An FBI/FDA sting operation, targeting unscrupulous business practices in the emerging stem cell therapy market, resulted in the arrest of three U.S. citizens in the last days of 2011 and early 2012. Francisco Morales, 52, of Brownsville, TX., Alberto Ramon, 48, of Del Rio, TX., and Vincent Dammai, of Florence, S.C., have been arrested and are charged with ‘participating in a scheme to manufacture, distribute, and sell to the public stem cells and stem cell procedures that were not approved by the FDA.’ An outstanding warrant still remains for Lawrence Stowe, 58, of Dallas. The arrests – in what investigators said was a $1.5 million illegal scheme to market and sell stem cell treatments to patients with terminal diseases – marks another step in the emergence of the controversial stem cell therapies market.
The evolution of stem cell treatments has been spurred on by predictions of its usefulness, yet slowed not only by the initial controversy surrounding stem cells, but also by legal ambiguity. A breakthrough came in 1998, when researchers at the University of Wisconsin-Madison, lead by James Thomson, were able to cultivate stem cells for the first time from human embryos grown in the laboratory. These cells have the capability to grow into any cell found in the human body, and their utility is wide. Possible treatments include cancer, spinal injuries, brain damage, heart disease, among others. Stem cells grown into bone marrow are already being used as a treatment of leukemia.
Stem cell research is permitted in the United States, but its funding is restricted at the federal level. These restrictions, which arose over concerns that stem cells were being grown in discarded human embryos, are slowly being eased. Alternative methods are being developed for growing stem cells, most notably extraction from adults by some means.
Despite this gain in recognition and research, stem cell treatment itself remains in an obscure legal position. Treatment is currently practiced on a large and growing number of people in the United States and abroad for a variety of ailments. Treatments stateside are generally offered for arthritis and different types of bone degeneration. Abroad, treatments are widely varied. Testimonies from patients found on treatment centers’ websites herald recoveries from conditions such as paralysis, brain injury, and blindness. The typical treatment consists of stem cells harvested from the adult’s own body being re-injected into the affected part of the body. Rick Perry, recent presidential candidate and governor of Texas, recently had some stem cell work done in Houston during a back operation.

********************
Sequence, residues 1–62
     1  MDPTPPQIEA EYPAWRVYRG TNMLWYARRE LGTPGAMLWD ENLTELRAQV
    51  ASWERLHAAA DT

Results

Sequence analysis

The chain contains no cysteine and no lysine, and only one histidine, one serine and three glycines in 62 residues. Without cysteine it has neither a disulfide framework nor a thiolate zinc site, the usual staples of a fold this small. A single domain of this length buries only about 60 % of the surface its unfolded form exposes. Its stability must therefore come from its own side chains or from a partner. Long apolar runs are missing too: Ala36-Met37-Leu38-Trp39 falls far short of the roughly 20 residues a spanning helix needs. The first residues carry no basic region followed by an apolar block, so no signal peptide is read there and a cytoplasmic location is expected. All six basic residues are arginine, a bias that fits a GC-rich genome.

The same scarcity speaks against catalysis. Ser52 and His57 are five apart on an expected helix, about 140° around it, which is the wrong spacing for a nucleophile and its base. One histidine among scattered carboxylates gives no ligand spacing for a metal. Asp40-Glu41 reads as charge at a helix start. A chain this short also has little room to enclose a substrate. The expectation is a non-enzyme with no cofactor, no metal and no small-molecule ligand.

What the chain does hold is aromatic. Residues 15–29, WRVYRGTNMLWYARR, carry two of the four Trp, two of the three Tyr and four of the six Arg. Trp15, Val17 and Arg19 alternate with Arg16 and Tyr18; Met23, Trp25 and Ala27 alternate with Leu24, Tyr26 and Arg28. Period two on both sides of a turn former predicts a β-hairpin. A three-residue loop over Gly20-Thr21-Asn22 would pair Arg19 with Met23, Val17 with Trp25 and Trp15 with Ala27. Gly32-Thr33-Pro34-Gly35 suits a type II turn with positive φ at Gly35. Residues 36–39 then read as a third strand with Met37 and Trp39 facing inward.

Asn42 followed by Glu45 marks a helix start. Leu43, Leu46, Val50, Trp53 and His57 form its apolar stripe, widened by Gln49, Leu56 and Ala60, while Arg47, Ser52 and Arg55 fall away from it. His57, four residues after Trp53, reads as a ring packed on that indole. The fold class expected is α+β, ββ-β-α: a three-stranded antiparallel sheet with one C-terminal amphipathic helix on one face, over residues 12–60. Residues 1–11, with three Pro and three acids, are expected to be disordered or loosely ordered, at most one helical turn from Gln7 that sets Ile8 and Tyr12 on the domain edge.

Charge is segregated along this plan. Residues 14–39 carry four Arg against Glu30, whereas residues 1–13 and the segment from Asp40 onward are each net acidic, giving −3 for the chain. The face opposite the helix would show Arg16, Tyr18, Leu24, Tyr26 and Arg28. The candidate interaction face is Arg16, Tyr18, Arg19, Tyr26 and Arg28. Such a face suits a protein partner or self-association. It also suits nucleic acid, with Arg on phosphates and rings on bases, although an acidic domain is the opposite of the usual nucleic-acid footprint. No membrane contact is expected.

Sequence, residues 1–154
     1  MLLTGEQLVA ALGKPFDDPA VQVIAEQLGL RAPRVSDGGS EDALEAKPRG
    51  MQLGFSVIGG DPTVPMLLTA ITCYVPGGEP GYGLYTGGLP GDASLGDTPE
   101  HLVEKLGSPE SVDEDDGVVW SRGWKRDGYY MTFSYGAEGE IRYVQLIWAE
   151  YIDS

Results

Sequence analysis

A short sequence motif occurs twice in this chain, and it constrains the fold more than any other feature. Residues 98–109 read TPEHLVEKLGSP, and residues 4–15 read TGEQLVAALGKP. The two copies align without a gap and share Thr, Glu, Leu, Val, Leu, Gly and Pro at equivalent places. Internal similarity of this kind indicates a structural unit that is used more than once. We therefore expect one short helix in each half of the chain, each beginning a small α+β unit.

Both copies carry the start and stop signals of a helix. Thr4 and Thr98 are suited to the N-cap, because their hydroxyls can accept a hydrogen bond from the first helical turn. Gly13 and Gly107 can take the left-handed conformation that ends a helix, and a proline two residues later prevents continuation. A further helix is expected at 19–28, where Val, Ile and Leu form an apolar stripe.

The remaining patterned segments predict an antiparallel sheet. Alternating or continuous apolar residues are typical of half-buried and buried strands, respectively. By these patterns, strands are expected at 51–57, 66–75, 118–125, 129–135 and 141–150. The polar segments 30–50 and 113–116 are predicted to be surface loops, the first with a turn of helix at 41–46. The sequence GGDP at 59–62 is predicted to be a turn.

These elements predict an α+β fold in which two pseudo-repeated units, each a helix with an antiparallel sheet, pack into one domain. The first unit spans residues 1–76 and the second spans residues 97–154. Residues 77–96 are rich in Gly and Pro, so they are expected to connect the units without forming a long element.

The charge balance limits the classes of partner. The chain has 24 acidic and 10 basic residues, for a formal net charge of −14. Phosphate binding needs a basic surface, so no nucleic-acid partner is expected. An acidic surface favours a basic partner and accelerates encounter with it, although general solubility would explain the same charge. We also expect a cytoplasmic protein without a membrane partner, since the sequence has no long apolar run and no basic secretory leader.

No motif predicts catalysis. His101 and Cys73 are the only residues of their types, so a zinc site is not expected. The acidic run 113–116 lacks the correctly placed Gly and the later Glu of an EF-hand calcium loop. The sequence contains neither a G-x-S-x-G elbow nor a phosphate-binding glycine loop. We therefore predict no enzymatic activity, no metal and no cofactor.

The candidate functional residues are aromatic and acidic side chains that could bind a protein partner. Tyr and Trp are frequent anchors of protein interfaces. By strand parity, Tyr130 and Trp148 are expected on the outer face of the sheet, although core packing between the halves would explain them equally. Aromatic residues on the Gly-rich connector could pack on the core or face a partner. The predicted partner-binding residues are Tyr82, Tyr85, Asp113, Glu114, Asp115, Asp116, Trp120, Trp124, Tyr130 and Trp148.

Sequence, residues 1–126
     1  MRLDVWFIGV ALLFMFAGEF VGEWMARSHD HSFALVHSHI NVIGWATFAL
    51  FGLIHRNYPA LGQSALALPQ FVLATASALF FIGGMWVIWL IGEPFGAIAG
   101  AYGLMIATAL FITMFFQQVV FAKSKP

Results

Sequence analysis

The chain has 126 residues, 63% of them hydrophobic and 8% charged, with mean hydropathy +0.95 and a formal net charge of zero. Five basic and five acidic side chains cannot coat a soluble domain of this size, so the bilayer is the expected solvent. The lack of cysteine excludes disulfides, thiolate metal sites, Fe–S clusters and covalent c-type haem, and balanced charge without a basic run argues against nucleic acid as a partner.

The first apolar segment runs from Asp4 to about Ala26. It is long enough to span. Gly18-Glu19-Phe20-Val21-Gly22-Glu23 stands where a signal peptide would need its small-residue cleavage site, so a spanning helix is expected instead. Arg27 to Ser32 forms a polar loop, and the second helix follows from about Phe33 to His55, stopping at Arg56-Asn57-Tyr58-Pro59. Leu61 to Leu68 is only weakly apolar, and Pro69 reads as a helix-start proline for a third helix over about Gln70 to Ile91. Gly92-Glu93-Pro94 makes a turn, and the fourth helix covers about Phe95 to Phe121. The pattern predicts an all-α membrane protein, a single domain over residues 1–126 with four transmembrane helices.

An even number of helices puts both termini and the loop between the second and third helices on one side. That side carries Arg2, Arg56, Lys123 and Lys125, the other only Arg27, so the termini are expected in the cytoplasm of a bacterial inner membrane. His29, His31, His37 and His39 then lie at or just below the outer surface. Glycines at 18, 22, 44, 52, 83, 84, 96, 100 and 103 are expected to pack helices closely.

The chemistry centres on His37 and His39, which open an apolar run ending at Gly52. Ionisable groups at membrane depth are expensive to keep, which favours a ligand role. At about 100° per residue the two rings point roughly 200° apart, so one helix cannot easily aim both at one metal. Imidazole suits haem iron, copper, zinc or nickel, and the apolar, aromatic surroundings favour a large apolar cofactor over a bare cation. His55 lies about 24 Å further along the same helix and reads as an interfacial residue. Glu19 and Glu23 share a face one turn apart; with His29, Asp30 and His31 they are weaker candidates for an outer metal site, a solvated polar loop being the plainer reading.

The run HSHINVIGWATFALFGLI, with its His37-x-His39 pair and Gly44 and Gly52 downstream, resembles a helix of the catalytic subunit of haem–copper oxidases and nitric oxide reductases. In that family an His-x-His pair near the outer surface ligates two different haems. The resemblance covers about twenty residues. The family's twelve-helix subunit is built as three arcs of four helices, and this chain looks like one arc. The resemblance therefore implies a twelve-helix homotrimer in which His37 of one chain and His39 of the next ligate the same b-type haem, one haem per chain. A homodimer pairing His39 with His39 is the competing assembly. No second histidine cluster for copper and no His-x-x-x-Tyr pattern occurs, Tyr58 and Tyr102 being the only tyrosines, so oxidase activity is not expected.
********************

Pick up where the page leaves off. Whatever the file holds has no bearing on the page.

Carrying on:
Stem cell treatments have, to date, evaded FDA regulation. Because they are gleaned from the patients’ bodies, they do not constitute a drug, or a certified medical treatment. A common practice among stem cell therapists is to hold offices in the United States, while arranging for the patient to be transported abroad to undergo the treatment. The lack of oversight, as well as very expensive operations being performed, with little scientific investigation done into the effectiveness and possible side effects of these treatments, has naturally lead many to question this burgeoning market.
Those arrested in the FBI/FDA sting, recently arraigned, represent the first criminal action by the offices of the FBI and FDA to reel in the stem cell treatment market.
Their indictment accuses Morales of obtaining placental material through his mid-wife/stem cell treatment clinic in Del Rio, and then later selling it to a company in Arizona, called Global Laboratories. Global Laboratories then allegedly sent the materials to one of those arrested, Vincent Dammai, who is a professor in South Carolina, where, presumably, the stem cells would be cultivated and returned. According to the indictment, Morales and Global Laboratories, in conjunction, would arrange for Morales to perform stem cell treatments to patients in Mexico. This action can be interpreted as criminal, but many companies proudly operate under similar conditions.
It will prove interesting to see whether this action taken by the FBI/FDA will prove to be a first step in further regulation or if companies are able to fight this injunction in court.
Bottom line: An FBI/FDA sting operation, targeting unscrupulous business practices in the emerging stem cell therapy market, resulted in the arrest of three U.S. citizens in the last days of 2011 and early 2012. The arrests – in what investigators said was a $1.5 million illegal scheme to market and sell stem cell treatments to patients with terminal diseases – marks another step in the emergence of the controversial stem cell therapies market.
Daniel Tennant is a doctoral student in Materials Science at the University of Texas at Austin. He also maintains an adjunct professorship in the department of Physics at Austin Community College. He holds two degrees in Physics, a Bachelor of Science from the University of Texas and a Master of Science from Fresno State University, both of which gave him a close-up view into the fascinating world of scientific research.